Why Fall of the Samurai Is the Most Modern Total War Yet
Find out how traditional Japanese and modern Western values clash in the upcoming Shogun 2 expansion Fall of the Samurai.
Set 300 years after the events of Shogun 2, Fall of the Samurai lets you shape Japan's fate during the Boshin War, a civil war that changed the face of the island nation forever. It takes place at a time when the ruling Shogunate opened Japan's borders to traders from the West. With firearms, railways, and industrialisation pitted against the old-fashioned ways, Fall of the Samurai is the most modern Total War game yet.
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Now that the borders are open, American, British, and French forces are willing to trade with you. Building your relations with a nation grants you access to units such as the Royal Marines or the US Marine Corps to add more firepower to your army. Countries will have an initial predisposition to either the Shogunate or the Imperials and will be more likely to trade and negotiate with you if you belong to that faction.
Trading exclusively with the foreign powers will grant you big bonuses in the long run. Befriend the British, and later in the game you can "borrow" the powerful HMS Warrior, a huge ship capable of blowing others out of the water with its cannons--a useful addition to any naval force.
Naval warfare has had a complete overhaul in the game. While you can still blockade enemy ports, you can now choose to lay siege to them as well. Ships that are within cannon range of land can be called in to fire on enemy towns and cities and reduce their production of units, which can be a great benefit on the battlefield. You won't be defenseless in the face of a naval onslaught, though; those who wish to defend their coastline can upgrade their coastal defences to deter enemy naval forces.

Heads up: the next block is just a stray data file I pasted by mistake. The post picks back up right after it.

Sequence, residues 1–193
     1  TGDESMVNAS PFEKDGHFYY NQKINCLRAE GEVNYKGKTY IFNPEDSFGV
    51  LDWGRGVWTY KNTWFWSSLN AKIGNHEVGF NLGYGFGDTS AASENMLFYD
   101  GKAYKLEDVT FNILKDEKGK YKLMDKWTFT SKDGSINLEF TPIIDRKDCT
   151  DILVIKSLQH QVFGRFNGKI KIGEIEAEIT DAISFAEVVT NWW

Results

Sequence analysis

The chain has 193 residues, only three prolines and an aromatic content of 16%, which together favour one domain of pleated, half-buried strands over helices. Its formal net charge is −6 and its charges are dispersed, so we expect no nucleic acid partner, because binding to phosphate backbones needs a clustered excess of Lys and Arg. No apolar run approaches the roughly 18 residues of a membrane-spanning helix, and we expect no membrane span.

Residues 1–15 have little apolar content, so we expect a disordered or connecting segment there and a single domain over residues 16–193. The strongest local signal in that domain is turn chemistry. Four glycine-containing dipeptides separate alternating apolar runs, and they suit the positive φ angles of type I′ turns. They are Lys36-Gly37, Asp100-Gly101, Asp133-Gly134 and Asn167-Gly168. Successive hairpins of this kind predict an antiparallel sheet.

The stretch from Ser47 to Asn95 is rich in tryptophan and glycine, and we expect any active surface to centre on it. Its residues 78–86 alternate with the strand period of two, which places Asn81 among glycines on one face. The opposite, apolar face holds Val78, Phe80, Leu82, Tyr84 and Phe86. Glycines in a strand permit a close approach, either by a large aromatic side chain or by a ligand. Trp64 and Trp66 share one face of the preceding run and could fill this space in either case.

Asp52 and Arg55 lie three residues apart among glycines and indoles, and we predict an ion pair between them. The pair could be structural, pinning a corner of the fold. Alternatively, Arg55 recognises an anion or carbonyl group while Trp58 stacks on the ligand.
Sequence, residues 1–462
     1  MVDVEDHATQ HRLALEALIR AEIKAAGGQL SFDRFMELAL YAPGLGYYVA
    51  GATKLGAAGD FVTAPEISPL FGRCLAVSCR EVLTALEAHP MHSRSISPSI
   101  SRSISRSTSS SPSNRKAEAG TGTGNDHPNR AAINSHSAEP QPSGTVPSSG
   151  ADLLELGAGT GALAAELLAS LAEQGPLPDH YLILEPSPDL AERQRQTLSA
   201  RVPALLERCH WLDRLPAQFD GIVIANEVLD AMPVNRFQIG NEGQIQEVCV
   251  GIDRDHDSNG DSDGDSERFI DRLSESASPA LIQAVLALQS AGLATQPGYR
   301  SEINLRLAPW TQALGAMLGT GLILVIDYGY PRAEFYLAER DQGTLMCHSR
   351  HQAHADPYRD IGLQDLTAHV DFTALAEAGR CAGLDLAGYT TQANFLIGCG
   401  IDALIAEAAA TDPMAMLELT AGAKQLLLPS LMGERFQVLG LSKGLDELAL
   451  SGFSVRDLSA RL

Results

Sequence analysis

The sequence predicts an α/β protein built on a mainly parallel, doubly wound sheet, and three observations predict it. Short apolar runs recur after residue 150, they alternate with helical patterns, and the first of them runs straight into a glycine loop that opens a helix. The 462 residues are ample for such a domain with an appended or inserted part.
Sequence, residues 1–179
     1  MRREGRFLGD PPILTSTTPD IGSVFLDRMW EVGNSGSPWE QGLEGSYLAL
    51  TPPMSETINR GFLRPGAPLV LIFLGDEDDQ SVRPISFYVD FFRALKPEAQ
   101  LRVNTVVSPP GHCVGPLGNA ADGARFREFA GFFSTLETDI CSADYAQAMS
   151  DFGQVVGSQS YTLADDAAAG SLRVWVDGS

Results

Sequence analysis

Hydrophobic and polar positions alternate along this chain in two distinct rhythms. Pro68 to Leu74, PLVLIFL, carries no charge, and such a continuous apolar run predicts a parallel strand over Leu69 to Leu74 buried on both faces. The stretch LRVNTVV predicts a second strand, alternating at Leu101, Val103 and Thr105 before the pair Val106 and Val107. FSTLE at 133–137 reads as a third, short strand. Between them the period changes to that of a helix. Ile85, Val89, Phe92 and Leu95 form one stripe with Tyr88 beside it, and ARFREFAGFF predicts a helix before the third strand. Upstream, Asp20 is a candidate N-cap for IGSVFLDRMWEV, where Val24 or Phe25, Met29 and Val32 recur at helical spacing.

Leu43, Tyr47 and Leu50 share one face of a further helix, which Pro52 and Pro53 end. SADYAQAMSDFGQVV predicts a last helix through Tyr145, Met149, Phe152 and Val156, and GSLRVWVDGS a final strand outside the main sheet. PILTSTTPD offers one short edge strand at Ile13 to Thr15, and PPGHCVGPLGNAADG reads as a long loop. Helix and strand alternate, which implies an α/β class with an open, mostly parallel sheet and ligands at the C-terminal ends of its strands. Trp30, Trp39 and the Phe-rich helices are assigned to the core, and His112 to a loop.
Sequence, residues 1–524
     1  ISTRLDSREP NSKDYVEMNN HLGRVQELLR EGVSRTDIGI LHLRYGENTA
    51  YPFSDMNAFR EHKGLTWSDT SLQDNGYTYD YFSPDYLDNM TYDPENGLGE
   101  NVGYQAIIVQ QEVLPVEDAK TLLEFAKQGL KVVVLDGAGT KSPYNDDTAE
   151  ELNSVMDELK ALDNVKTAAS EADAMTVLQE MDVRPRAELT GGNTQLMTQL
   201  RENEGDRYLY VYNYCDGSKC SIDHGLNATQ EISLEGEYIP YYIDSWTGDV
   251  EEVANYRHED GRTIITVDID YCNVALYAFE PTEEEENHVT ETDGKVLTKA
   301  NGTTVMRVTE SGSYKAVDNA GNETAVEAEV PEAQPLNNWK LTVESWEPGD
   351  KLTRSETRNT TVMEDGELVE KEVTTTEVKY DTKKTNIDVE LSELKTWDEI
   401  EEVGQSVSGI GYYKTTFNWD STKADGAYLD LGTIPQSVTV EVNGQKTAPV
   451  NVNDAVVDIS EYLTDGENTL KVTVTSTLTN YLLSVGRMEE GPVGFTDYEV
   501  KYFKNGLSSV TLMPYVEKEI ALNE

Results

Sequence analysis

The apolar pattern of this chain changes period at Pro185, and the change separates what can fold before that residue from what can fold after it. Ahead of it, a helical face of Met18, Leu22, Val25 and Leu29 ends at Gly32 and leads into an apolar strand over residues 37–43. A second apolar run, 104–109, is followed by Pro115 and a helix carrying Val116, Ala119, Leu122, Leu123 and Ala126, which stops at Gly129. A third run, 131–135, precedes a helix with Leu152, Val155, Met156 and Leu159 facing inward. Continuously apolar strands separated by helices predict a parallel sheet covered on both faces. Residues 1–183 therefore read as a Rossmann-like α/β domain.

Historical battles are back and let you re-create some of the better-known fights from the Boshin War, such as the naval battle of Miyako. The real-time battles are bigger than ever, with the roster doubled to accommodate up to 40 units. With enough research points, you can unlock some powerful weaponry, such as the Gatling and Armstrong guns.
Selecting a weapon and tapping the H key lets you go into the optional new third-person mode, where you can take control of the weapons and mow down enemy units yourself. While the Gatling and Armstrong guns hold some substantial firepower, they can be overwhelmed and destroyed by enemy forces if you're not careful.
The map has been expanded since Shogun 2 and reflects the changes in Japan at the time of industrialisation. Small settlements become towns and then expand further to become cities with huge factories that release pollution. As the map evolves, you'll notice the music changing from traditional Japanese to more Western-style orchestral music.
For the first time in a Total War game, railways make an appearance. Researching them lets you connect your provinces and enables you to move troops and resupply faster, increasing the pace of the game. You can also sabotage enemy railways or claim them for your own.
The realm divide feature makes a return in this expansion, but it has been tweaked somewhat. In previous games, if you got too big for your boots, other clans would turn on you. In Fall of the Samurai, though, it's less black and white. Become powerful enough, and you can choose to become the Imperial or Shogunate Vanguard, or choose to form your own republic. Becoming a Vanguard means that any clan who supports that faction will come flocking to your side. But beware, clans are always trading and making deals with others, and if you're not careful, your allies may defect to the opposing side.
As a stand-alone expansion, Fall of the Samurai does not require Shogun 2 to play, but if you have the game you can carry your multiplayer avatar over. Multiplayer has been balanced, so if you do bring your avatar from Shogun 2, you will not be at a disadvantage to those who are using the more modern units from this new expansion.
Fall of the Samurai is set to be released on March 23 for the PC. Are you looking forward to getting your hands on the most modern Total War to date? Let us know in the comments.
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